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Movie Review: Black Book

Black Book (Zwartboek)
Directed by Paul Verhoeven
Written by Verhoeven and Gerard Soeteman
Sony Pictures Classics

Paul Verhoeven is an interesting director when he swerves into satire, as he did with RoboCop, Total Recall, and Starship Troopers.  When he goes for drama, as he did with the sexually explicit Basic Instinct and Showgirls, I usually can’t take it very seriously, even when those kinds of movies have guilty pleasure written all over them.  And the less we say about Hollow Man, the better.

Black Book is Verhoeven’s first true attempt, probably since his days before he made his American splash with RoboCop, to make an honest drama (with a little nudity in it, but no supercharged sex scenes or heightened ridiculous situations).  He is working within foreign language cinema again with this movie, but why could I not get the Zucker Brothers’ Top Secret! out of my head?

Because it is one of those movies.  World War II.  Dutch Resistance instead of French Resistance.  The need to infiltrate the Germans and bring them down from the inside.  Am I wrong for expecting Val Kilmer to show up and sing a tune?

In Black Book, the Germans are stationed in Holland near the end of the war.  The Dutch Resistance wants to bring down Ludwig Muntze (The Lives of Others‘ Sebastian Koch) and they need the help of the Jewish Rachel Stein (Carice van Houten) to use her body to get close to the man they think is responsible for the deaths of Jews and Dutch across the country, including her own family.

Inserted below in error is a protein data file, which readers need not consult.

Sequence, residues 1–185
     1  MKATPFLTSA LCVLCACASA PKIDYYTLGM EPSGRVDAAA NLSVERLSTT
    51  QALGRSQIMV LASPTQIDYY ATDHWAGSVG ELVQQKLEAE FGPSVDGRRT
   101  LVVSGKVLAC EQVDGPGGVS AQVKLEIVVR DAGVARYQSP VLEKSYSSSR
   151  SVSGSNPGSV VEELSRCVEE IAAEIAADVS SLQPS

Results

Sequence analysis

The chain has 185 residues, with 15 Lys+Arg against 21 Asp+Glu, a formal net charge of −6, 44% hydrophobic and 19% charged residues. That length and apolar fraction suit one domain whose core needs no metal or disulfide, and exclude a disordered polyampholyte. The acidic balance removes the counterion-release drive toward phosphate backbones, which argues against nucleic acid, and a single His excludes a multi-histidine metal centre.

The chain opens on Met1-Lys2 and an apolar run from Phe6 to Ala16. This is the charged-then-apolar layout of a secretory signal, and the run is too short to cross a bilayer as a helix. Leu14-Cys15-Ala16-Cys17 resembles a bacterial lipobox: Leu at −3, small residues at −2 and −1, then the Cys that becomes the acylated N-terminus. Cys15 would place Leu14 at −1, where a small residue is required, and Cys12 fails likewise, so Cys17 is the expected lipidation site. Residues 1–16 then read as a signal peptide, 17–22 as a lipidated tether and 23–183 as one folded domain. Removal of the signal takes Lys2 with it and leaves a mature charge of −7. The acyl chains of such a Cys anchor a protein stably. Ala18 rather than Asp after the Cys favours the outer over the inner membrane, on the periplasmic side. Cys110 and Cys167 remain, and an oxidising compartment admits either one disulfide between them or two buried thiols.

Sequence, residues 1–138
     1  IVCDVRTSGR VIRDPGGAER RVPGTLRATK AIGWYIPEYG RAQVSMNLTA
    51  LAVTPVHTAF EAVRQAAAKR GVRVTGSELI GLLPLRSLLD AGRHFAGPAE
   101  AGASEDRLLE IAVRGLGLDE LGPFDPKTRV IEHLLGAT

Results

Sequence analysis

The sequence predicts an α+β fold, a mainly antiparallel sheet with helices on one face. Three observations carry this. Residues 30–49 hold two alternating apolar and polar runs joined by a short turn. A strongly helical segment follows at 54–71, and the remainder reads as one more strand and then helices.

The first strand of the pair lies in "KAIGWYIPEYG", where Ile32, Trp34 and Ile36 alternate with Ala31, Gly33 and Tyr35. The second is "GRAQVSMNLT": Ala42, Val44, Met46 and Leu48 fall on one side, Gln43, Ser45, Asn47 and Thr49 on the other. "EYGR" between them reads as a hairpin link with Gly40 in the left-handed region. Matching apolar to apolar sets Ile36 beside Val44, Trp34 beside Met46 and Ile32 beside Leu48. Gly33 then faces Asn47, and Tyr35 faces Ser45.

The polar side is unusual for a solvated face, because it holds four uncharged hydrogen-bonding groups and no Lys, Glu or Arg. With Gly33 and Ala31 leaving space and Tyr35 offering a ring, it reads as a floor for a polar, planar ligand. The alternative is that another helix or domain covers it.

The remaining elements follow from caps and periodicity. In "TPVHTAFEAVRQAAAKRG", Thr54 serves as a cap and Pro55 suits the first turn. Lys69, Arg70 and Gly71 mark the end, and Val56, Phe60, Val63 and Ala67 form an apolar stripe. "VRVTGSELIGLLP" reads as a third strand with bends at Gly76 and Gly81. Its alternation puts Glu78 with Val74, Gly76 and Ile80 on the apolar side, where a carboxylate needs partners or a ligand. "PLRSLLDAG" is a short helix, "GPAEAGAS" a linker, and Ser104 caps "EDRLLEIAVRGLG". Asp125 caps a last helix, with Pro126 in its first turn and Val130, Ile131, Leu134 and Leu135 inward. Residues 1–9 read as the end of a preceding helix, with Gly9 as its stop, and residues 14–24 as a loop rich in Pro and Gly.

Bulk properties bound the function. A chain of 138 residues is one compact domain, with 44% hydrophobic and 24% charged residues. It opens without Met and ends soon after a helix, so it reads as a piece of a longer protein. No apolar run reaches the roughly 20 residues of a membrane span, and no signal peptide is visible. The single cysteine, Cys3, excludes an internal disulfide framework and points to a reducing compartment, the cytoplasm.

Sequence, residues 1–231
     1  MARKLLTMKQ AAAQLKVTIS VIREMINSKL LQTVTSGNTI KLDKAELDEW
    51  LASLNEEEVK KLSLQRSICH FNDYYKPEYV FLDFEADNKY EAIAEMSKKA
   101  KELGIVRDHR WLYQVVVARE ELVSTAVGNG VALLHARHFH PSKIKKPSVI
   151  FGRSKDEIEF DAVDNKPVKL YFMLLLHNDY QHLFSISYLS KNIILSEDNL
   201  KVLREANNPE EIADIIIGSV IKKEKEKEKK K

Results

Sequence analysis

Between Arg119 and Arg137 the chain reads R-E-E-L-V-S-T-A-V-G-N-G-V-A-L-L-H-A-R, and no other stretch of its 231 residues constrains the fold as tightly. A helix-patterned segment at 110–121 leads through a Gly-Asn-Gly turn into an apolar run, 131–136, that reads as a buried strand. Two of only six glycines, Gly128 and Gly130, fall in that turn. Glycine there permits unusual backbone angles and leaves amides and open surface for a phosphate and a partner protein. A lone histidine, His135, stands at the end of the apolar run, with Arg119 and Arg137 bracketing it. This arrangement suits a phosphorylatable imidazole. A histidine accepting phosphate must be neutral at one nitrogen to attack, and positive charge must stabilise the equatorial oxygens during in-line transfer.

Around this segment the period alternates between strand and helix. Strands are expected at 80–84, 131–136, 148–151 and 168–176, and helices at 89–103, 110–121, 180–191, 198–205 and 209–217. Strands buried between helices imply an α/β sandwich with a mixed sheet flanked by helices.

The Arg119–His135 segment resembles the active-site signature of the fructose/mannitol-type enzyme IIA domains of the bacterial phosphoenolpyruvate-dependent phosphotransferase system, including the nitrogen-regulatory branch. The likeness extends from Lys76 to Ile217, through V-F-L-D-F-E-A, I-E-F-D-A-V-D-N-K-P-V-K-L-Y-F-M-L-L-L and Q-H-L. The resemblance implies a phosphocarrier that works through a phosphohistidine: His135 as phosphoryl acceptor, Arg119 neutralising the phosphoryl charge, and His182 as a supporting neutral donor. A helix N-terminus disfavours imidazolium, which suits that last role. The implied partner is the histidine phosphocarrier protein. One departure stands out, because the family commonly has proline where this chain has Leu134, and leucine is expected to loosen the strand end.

But Muntze is not really the bad guy here, and he quickly discovers that Rachel (now named Ellis de Vries) is Jewish, but he doesn’t care because he falls in love with her, and she with him.  The real bad guy is Gunther Franken (Waldemar Kobus) who, with another man and a mole on the inside of the Dutch Resistance, has been stealing large sums of money from the fallen Jews.

So it becomes about the Dutch Resistance finding the right people to capture (or kill) and unknowingly playing into the hands of their mole. 

A more challenging and interesting picture would have been if Muntze really was a bad guy (maybe just not the right bad guy) and Rachel fell for him anyway, finding humanity even in the darkest of men.  Because that’s what undercover pictures are about: going so deeply into character that the brain and heart play tricks with emotion and rational thought.  It’s a work of fiction, although many of the events are based in reality, so I think Verhoeven could have run with it.

But I realize I should be grading this on what it is, rather than what it is not.  It’s a good drama, with some interesting plot developments, but it’s so routine.  Van Houten is luminous and commands the movie; I just wish she had a little more interesting of a character than this.  Koch is playing almost the same guy as he did in The Lives of Others: A man under suspicion who isn’t really the bad guy, but others around him are.

You can’t really go wrong with this, there’s nothing bad about it.  But if you’re looking for something a little different, this isn’t it.

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